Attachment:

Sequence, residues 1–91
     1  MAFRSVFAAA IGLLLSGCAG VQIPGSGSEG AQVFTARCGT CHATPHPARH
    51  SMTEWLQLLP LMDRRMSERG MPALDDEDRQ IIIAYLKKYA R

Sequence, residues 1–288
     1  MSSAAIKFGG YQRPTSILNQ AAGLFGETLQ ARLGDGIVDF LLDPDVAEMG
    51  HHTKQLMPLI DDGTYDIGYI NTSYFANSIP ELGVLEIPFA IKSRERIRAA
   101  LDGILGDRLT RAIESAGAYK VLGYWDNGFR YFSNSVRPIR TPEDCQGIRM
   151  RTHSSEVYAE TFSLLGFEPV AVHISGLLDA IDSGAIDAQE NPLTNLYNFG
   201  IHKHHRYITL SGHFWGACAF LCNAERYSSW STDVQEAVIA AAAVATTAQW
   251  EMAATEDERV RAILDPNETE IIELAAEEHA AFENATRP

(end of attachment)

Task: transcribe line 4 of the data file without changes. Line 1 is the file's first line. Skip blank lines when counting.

Sequence, residues 1–288